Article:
Rabobank announced today it will end sponsorship of its men’s and women’s professional teams on December 31, ending the longest-running Dutch team amid the Lance Armstrong doping scandal.
“Rabobank has come to this decision following publication of the report from the American doping authority USADA last week,” read a press release. “This report speaks volumes.”
It took over the sponsorship of the Novell team 15 years ago, starting with the 1996 season. The Dutch banking group sponsors teams at different levels of cycling teams, including its professional and Under-23 teams. Many current Dutch professionals, and some foreigners including American Tejay Van Garderen, started with its amateur team. The decision today only relates to the professional teams, however.
“Rabobank will continue its ties with amateur cycling as a sponsor, including the youth training and the cyclo-cross team.”
Rabobank riders still under contract for next season will be able to ride in plain kit. “The professionals and the women will be put as ‘white label’ under a new foundation yet to be established, while the continentals and the crossers will be accommodated by the Dutch Cycling Federation. The careers of a generation of riders will this way be secured,” said Rabobank.
Whether the ‘white label’ kit would carry any sponsors names was not stated.
The decision comes just over a week after the US Anti-Doping Agency (USADA) made public its Armstrong investigation files. It published its 202-page ‘Reasoned Decision’ on the internet and sent a 1,000-page tome to the Union Cycliste Internationale (UCI). The UCI must give the OK to strip Armstrong of his seven Tour de France wins or appeal to the Court of Arbitration for Sport (CAS) by October 31.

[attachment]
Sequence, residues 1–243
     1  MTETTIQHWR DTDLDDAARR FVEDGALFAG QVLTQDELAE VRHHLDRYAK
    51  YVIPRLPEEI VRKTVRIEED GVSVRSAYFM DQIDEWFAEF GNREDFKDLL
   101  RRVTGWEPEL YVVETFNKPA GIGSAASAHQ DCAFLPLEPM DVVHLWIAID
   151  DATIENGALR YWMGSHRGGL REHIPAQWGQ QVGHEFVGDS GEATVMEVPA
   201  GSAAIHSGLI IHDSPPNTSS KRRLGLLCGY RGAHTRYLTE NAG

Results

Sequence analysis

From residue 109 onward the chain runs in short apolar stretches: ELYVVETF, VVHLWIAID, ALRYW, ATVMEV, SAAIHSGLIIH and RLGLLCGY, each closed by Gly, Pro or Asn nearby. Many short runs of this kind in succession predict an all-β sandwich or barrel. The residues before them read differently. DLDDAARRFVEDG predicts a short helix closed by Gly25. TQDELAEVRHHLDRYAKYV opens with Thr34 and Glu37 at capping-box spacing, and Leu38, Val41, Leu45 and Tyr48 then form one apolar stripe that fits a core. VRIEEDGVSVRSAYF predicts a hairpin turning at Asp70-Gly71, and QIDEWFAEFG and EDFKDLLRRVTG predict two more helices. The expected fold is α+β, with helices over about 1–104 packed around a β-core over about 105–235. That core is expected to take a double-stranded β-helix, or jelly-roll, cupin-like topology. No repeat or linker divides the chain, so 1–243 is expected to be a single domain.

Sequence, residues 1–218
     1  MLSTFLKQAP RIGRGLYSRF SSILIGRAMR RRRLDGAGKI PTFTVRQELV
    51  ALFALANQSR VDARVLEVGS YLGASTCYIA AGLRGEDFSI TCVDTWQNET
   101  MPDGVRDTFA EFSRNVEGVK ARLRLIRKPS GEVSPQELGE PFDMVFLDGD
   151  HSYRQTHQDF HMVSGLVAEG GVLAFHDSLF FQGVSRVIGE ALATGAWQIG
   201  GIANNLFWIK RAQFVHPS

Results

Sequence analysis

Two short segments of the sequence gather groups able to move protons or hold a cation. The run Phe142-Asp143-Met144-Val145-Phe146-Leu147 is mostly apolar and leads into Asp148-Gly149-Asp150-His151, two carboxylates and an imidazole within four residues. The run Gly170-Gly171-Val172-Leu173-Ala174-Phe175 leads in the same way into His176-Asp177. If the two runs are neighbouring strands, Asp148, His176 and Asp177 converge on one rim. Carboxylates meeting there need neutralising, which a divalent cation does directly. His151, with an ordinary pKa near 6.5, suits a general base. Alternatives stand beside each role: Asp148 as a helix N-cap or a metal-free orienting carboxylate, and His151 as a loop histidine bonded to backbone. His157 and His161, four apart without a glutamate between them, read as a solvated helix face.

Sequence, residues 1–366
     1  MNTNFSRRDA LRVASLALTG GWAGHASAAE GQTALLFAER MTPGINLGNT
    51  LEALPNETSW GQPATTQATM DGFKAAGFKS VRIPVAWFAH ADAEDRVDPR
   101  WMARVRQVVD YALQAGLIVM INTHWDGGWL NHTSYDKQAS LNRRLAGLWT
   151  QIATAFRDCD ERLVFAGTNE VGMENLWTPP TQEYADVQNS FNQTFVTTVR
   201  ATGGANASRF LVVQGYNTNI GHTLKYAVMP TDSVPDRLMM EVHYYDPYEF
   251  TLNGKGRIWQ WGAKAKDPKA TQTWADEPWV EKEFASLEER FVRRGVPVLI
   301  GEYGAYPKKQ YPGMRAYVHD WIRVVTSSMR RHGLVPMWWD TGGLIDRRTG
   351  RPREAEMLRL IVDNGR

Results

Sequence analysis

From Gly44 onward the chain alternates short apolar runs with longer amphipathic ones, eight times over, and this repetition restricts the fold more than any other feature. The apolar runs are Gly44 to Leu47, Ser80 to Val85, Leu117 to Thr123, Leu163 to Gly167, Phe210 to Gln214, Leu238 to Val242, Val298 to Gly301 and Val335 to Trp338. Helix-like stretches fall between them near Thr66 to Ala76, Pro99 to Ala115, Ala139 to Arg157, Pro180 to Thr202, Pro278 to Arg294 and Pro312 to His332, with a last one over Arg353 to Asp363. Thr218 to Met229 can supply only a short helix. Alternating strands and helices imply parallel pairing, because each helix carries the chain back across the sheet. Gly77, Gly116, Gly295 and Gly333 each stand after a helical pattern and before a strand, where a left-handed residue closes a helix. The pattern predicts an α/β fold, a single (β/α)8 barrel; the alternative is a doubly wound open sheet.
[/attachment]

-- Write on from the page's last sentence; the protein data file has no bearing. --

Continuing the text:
Levi Leipheimer testified in the agency’s case and told how he received EPO from Rabobank’s doctor. “I continued to use EPO while with Rabobank in 2002, 2003 and 2004, and was also assisted in using it by the Rabobank team doctor ‘Other-8’ from whom I purchased EPO. During my time on Rabobank I was aware that ‘Rider-14’ was using EPO, and on several occasions we discussed his EPO use.”
It became worse. The UCI officially requested yesterday that Spain open a disciplinary hearing against Rabobank rider Carlos Barredo “on the basis of the information provided by the blood profile in his biological passport.”
Rabobank suffered from doping scandals in the past, from rising star Thomas Dekker testing positive for EPO to Michael Rasmussen being sent home while leading the Tour de France.
“It is with pain in our heart, but for the bank this is an inevitable decision. We are no longer convinced that the international professional world of cycling can make this a clean and fair sport. We are not confident that this will change for the better in the foreseeable future,” said Bert Bruggink, member of the managing board.
“Cycling is a beautiful sport, which millions of Dutch people enjoy and a large number of those Dutch people are clients of Rabobank. But our decision stands: we are pulling out of professional cycling. It is painful. Not just for Rabobank, but especially for the enthusiasts and the cyclists who are not to blame in this.”
Rabobank will explain further at 10:30 this morning in a press conference in Utrecht. Without Rabobank, Vacansoleil and Argos-Shimano remain the only professional Dutch teams.
The UCI issued a statement shortly after the Rabobank announcement. “In light of the difficult period, namely the high public interest in past doping issues and perhaps a more recent action taken by the UCI against a rider of the team, the UCI understands the context which has led to this decision being reached.”
“Despite inevitable and sometimes painful consequences, the UCI reaffirms its commitment to the fight against doping and full transparency about potential anti-doping rule violations.”
UCI president Pat McQuaid then went on to thank Rabobank for “the many years of successful partnership… which have been beneficial for all”.